With all the recent talk about Traveller on Sandbox of Doom , Grognardia and other blogs this month, I return to the topic of Science Fantasy in Blackmoor.
DA3 revealed the secret of the Valley of the Ancients. A crashed space ship right there in Dave Arneson's fantasy setting! By the time that DA3 was published, this was hardly new though. Gary Gygax' S3 Expedition to the Barrier Peaks had been published in 1980, likely inspired at least in part by Gary Gygax' own experiences as a player exploring the City of the Gods in Arneson's game. Much later the concept of a crashed space ship in a D&D setting would return in Tales of the Comet.
DA3 was not the first appearance of a space ship in Arneson's game however. It is not unlikely that it all began with a board game called Star Empires. In 2008, Dave Arneson reported:
John [Snider], the author, was another of the original [Blackmoor] group. He had outlined a whole series of books and maps.
Blackmoor was incorporated into John Snider's Science Fiction Campaign. Greg Svenson Explains:
My recollection is that it was a crossover from our parallel "Star Empires" campaign that John Snider was running (from early 1973 to late 1974 or so, when John went into the Army). There was an RPG component to "Star Empires" which we were also playing, but TSR never published it. We had several encounters with scout ships from the neighboring galactic empires before the world Blackmoor is on was quarantined by the local galactic government, I can't remember which empire controlled it.
The spaceship from DA3 was the FSS Beagle, an exploratory vessel of the Galactic Federation, commanded by Captain Bork Riesling. DA3 revealed that St. Stephen of the Temple of the Frog hailed from this vessel, answering a question that had been asked since the publication of D&D Supplement II, where St. Stephen had first made his appearace to the common D&D fan. In Supplement II, his origins had simply been explained like this:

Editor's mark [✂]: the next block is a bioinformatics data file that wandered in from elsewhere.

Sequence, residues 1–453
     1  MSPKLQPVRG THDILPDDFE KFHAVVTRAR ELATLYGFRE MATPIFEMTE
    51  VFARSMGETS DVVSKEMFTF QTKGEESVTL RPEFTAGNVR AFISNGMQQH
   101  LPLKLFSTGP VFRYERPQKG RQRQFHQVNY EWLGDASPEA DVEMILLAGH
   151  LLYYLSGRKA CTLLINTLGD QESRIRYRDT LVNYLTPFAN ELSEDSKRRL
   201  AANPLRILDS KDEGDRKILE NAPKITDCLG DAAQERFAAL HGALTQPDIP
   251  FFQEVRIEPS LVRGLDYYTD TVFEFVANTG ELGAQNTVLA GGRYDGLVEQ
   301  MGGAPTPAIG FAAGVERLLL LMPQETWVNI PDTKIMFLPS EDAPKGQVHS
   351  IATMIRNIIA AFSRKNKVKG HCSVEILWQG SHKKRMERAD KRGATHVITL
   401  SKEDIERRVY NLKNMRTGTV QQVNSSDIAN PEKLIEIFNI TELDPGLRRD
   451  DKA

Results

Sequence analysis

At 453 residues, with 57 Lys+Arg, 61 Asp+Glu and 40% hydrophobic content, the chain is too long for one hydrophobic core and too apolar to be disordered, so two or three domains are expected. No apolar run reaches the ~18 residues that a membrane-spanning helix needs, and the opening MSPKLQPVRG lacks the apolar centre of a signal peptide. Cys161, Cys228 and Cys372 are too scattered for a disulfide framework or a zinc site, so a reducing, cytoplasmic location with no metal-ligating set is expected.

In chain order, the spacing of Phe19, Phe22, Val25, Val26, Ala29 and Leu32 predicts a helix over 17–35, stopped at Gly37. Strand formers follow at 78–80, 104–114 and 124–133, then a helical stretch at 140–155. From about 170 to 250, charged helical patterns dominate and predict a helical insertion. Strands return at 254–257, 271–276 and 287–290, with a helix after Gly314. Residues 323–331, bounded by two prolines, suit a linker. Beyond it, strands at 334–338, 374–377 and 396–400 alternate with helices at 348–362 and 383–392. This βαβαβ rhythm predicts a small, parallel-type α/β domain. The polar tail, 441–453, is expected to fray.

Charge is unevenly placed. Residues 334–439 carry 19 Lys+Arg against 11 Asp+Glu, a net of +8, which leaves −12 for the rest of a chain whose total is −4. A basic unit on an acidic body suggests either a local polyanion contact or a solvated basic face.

This fellow is not from the world of Blackmoor at all, but rather he is an intelligent humanoid from another world/dimension.
However, Captain Riesling and St. Stephen may not have been the first aliens to visit Blackmoor. John Snider's Star Empires game quickly affected the Blackmoor campaign. Greg Svenson has the following information on the alien races involved:
There were eight major empires. Three were humanoid empires with one each of ursoid (bears), feline (cats), avian(birds), amoboid (amobas) and icthioid (fish). There were also a variety of minor empires with just a couple of worlds inhabited by exotic races (along with the normal ones above) [...] We had encounters in Blackmoor with both human and avian scouts (Scott Belfry ran the avian empire). I remember someone getting a 'magic cape' that allowed the wearer to fly (the avians wings were no longer functional, so they created alternate ways to fly). The Blue Rider's armor was a suit of powered Battledress. I was running a galactic empire controlled by a race of ursoids
Unfortunately, Blackmoor proved to be a dangerous place for little aliens. Svenson reports that the Star System from the Star Empire's campaign in which Blackmoor had been placed was considered to be a risky place to visit:
[The Star System]was almost immediately quarrantined due to the loss of several scout ships from two empires, one human and one avian...
That is deeply cool.ReplyDelete
That's what I'm talkin' about. :DReplyDelete
Awesome stuff. I love fantasy worlds as little enclaves of magic in a much larger milieu of science. FWIW, that's how I conceive of my own planet of Carcosa. The marooned Space Aliens of Carcosa represent the straight sci-fi of the universe as a whole, while the planet of Carcosa is a weird pocket of sorcery that science cannot explain.ReplyDelete
Oh, forgot to mention the 1st edition of SPACE MARINES, complete with its, 'using SM with the d&d game' section.ReplyDelete
--A great read. :)
Awesome as usual. I normally don't like to mix my fantasy with scifi in my games, Blackmoor is always the exception. I do like the idea of there being a crashed spacecraft out there somewhere in my world.ReplyDelete
Excellent post! Crashed starships and rumors of wars in the heavens are always preferred elements in my fantasy games. I'm not really as familiar as I want with Blackmoor but I'm pleasantly surprised to see what role tech and starships have in this milieu.ReplyDelete
Is there any way to contact John Snider about the Star Empires material?ReplyDelete